Inspiring coach with ALS to speak Friday

by W. Winston Skinner

Delicious covered dish meals brought Rob Estes and Jeremy Williams together.

While Rob Estes was recuperating following brain tumor surgery, friends brought food. “We had people bringing us meals when we came home… bringing us meals three or four times a week,” Estes’ wife, Christi, recalled.

One of the families was from Harris County, and they shared “Tenacious,” the book by Williams, a winning football coach who has amyotrophic lateral sclerosis. ALS — also known as Lou Gehrig’s Disease — destroys muscle use.

Williams built the football team at Greenville High School in Meriwether County into a powerhouse program. As his health declined, he has had to retire.

Rob and Christi Estes both read the book. “What a fantastic book,” she said. “What an inspiration.”

Williams will be the speaker for the first fundraiser for Can’t Never Could Inc., a non-profit corporation created by Rob and Christi Estes to help individuals and groups who are facing adversity and personal battles.

“Can’t Never Could, Living a Tenacious Life” will be held Friday at 6 p.m. in the parish hall at First United Methodist Church of Newnan at Greenville Street and Salbide Avenue. Tickets for the event are $25 and can be purchased through the organization’s website — http://www.cantnevercouldinc.com/.

The fundraiser will benefit the Bedford School in Fairburn, the Fellowship of Christian Athletes and the Piedmont Brain Tumor Center. Some of the proceeds will also go into a fund to help local brain tumor patients and their families.

Christi Estes said goals include funding a scholarship to Bedford’s Squirrel Hollow Summer Camp “for children with learning differences” and to provide scholarships and Bibles to participants in FCA’s summer programs. “FCA was a big influence on Rob’s life when he was in high school,” she said.

The Piedmont Brain Tumor Center is being built across the street from Piedmont’s main hospital in Atlanta. Rob’s neuro-oncologist is among the physicians putting together the program there. “It will be a wonderful resource for the state — and for people with brain tumors and brain cancer,” Mrs. Estes said.

Rob Estes and Rob Brass — both men serve on the local FCA board — traveled to Harris County to meet Williams in anticipation of this Friday’s event. Williams now speaks using technology that transforms what he types into an electronic voice, but Estes said the coach communicates well.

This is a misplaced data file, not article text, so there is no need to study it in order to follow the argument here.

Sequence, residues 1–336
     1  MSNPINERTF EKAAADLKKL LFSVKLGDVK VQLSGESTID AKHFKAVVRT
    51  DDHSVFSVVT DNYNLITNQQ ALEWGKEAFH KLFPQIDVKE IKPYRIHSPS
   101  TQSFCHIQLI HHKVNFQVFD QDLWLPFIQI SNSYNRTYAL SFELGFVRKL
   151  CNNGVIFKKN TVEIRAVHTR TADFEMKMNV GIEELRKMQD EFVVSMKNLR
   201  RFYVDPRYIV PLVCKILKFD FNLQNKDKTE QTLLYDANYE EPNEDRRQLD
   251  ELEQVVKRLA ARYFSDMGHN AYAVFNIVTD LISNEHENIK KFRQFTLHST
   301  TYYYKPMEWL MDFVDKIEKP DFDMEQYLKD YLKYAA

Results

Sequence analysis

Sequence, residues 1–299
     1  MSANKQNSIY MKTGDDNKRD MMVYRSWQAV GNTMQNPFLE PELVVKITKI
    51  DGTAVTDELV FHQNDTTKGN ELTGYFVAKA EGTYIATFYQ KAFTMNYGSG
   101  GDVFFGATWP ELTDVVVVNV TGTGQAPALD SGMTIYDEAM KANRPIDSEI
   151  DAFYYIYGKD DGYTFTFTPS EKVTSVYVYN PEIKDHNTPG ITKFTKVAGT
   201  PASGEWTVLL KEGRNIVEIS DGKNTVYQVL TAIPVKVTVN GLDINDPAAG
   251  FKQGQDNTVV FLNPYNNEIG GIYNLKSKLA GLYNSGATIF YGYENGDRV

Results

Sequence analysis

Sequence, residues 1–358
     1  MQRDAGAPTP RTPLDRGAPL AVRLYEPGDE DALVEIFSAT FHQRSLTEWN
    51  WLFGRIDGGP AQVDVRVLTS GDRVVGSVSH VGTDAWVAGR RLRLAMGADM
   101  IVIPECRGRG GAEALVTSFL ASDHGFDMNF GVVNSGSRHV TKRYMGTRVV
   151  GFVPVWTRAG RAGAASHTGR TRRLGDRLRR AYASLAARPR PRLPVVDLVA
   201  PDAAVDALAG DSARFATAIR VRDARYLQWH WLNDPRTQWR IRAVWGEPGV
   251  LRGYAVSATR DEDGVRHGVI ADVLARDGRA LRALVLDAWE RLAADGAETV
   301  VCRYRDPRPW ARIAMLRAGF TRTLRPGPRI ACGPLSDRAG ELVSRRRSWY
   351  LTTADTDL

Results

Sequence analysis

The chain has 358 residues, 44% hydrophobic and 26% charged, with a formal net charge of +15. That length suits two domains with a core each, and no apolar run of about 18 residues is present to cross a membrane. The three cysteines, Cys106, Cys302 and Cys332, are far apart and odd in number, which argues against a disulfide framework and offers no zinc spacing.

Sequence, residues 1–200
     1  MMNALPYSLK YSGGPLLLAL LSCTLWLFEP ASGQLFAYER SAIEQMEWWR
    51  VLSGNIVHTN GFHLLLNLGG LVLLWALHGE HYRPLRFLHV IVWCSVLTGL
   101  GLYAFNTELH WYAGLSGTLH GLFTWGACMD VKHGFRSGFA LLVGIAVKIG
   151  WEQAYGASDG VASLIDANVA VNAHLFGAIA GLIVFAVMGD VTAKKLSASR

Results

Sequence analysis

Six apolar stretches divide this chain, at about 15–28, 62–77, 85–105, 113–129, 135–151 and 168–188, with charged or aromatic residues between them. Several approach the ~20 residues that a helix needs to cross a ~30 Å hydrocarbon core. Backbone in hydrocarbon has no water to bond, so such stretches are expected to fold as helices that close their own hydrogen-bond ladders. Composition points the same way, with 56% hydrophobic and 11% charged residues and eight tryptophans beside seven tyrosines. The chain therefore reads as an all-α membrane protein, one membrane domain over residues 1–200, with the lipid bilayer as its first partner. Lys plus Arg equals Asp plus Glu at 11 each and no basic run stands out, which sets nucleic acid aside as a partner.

“The smile he has is amazing. No word can describe the joy in his smile and in his eyes, he said.

“It feels like God has connected us,” Mrs. Estes said, reflecting on similarities between her family and the Williams.

Both Rob and Christi Estes talked about how the community has rallied around them personally — and come together to help make Can’t Never Could’s first fundraiser a big success.

“We’re almost sold out on the event,” Mrs. Estes said. “We are so blessed by the support we’ve gotten.”



More Local

Accident shuts down Hwy. 29

South Highway 29 was temporarily closed for more than 12 hours on Wednesday after a pickup truck crashed into a power line pole. The acciden ... Read More


looking back

The Emergency Room: Its use and abuse

Editor’s note: Overcrowded hospital emergency rooms, and long wait times, caused by people using the ER for things that aren’t t ... Read More


Tax-free holiday today, Saturday

It’s tax free shopping time. Georgia’s annual sales tax-free holiday for clothing, technology items and school supplies is today ... Read More


CCSS welcomes 129 new teachers

The Coweta County School System (CCSS) held a breakfast and orientation on Thursday to welcome its 129 new teachers to the school system. &l ... Read More


Visits Newnan’s Elite Dance force

TV dancer JoJo meets local fans

JoJo Siwa, a 12-year-old dancer, model and singer who has appeared on several television shows, visited Newnan Thursday to meet young dancer ... Read More

Biggest action in U.S. history

Fiat Chrysler settlement with gov't could prove costly

DETROIT (AP) — Fiat Chrysler could be required to lay out hundreds of millions of dollars to get potentially defective Ram pickups and ... Read More